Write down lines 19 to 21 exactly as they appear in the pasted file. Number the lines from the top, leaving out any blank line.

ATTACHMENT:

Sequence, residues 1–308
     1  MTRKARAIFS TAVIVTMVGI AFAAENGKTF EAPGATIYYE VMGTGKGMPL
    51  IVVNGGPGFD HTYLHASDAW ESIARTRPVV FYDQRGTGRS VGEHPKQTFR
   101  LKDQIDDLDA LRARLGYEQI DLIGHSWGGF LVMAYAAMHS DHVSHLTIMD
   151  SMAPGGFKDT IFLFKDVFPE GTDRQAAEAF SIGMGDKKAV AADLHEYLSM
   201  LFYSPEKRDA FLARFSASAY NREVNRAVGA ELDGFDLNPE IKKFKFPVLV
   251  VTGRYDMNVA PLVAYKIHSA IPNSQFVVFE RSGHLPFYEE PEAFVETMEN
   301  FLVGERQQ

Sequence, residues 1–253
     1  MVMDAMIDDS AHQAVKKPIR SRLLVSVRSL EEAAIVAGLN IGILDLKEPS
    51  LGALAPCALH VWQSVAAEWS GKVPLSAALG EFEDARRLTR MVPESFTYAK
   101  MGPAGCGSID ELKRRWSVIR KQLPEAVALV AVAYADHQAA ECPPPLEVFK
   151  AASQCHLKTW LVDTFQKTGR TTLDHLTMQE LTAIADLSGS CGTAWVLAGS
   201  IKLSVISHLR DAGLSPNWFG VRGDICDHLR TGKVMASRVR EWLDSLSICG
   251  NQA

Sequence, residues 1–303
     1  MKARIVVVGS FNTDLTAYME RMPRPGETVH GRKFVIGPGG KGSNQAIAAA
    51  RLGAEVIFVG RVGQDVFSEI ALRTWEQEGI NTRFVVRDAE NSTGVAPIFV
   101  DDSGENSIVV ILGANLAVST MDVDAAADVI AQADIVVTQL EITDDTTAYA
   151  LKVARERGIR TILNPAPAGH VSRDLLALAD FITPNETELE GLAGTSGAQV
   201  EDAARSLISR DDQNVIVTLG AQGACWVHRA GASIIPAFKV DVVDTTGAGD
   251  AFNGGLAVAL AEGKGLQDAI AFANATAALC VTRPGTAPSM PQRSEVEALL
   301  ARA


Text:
   101  DDSGENSIVV ILGANLAVST MDVDAAADVI AQADIVVTQL EITDDTTAYA
   151  LKVARERGIR TILNPAPAGH VSRDLLALAD FITPNETELE GLAGTSGAQV
   201  EDAARSLISR DDQNVIVTLG AQGACWVHRA GASIIPAFKV DVVDTTGAGD